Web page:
GrowHealthy is proud to celebrate National Hispanic Heritage Month! September 15th to October 15th is dedicated every year for our nation to celebrate all the ways Hispanics and Hispanic Americans have influenced and enriched our culture, nation, and society. This month is full of family events and performances, from the Young Portrait Explorers at the Smithsonian to the celebration of Latin American and Latinx literature at the Library of Congress.
Hispanic Heritage and Cannabis
In the cannabis industry, celebrating National Hispanic Heritage Month also comes with recognizing the persecutions against Hispanics and Hispanic Americans.
In this article, he explains how the prohibition of cannabis in the United States was enforced mainly because of the prejudice toward Mexican immigrants, and this disproportionately impacted the Hispanic community. Further, the prejudice against Hispanics, stemming largely from the War on Drugs, has also impacted the ability for Hispanics to work in the cannabis industry.
“Because of the continued racial disparity in the enforcement of the nation’s drug laws,” Forbes reports, “people of color are more likely to have difficulty passing criminal background checks required by most jurisdictions,” largely due to unjust targeting of their communities and harsher sentences for drug offenses.
As cannabis is becoming legalized for either medical or recreational purposes across the county, Valdez and the National Hispanic Cannabis Council are bringing attention to the underrepresentation of the Hispanic community in the cannabis industry. To counter these barriers, the National Hispanic Cannabis Council is actively working to build a platform that assists Hispanics by providing job training and mentorship opportunities.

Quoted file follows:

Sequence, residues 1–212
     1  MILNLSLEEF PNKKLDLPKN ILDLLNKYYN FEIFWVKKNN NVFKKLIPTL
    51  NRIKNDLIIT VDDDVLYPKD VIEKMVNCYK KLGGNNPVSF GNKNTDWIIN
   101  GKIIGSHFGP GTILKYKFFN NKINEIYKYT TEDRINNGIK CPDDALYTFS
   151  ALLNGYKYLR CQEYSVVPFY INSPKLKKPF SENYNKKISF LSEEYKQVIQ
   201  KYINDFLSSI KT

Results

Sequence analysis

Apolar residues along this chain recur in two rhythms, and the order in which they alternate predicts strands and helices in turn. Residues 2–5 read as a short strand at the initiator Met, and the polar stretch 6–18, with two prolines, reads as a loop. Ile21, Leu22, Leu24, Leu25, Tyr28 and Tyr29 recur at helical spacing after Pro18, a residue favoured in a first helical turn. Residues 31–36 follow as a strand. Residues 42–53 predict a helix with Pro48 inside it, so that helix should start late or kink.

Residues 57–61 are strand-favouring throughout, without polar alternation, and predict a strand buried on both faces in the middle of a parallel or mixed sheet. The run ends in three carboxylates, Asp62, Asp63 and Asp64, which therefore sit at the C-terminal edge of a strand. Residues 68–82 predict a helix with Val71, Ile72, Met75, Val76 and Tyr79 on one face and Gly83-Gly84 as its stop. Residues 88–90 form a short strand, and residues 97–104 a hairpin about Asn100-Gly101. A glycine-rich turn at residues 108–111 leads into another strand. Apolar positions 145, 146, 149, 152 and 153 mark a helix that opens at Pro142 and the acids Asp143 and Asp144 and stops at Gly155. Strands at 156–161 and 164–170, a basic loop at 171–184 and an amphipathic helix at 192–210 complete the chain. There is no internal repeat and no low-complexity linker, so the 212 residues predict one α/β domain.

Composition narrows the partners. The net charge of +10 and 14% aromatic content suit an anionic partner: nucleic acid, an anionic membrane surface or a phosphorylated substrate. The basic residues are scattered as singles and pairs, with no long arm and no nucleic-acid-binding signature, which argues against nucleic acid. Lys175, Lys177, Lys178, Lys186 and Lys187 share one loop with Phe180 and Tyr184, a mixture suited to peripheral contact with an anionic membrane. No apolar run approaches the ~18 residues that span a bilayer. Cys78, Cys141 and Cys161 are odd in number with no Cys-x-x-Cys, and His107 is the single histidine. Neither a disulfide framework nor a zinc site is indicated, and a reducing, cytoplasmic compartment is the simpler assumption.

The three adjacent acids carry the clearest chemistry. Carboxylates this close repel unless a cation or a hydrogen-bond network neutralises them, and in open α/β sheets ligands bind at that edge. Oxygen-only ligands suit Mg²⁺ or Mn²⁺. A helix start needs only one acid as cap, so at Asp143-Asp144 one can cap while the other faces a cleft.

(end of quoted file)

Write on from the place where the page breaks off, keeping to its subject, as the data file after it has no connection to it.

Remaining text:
The National Hispanic Cannabis Council has a four-part approach to lead Hispanics into success: cannabis medical education, networking, advocacy, and economic business opportunities. Their website offers a plethora of information about terpenes, cannabinoids, the endocannabinoid system, and medical conditions. The educational materials on their website are open for all to use, and this accessibility betters the cannabis industry as a whole and helps with cannabis advocacy and reform.
Photo credit: Last Prisoner Project
The Last Prisoner Project (LPP) is another organization that is dedicated to social justice reform and cannabis advocacy, which includes fighting for Hispanics and Hispanic Americans who are incarcerated for cannabis. To read stories of incarcerated persons and learn about ways to help, visit LPP’s stories page.
We are grateful for the NHCC’s and the LPP’s commitments to recognizing the adversity Hispanics have faced while also pushing through stigmas and prejudices to provide reform, equity, and justice. Donations can be made on their websites, or you can donate to LPP at any GrowHealthy dispensary.
During this month and all year long, GrowHealthy is proud to have Hispanic team members and Hispanic patients. We encourage all our patients to safely attend and participate in some of the National Hispanic Heritage Month organization’s activities and to learn more about Hispanics’ heritage and their abundant contributions to America. For more information, please visit the official National Hispanic Heritage Month’s official website.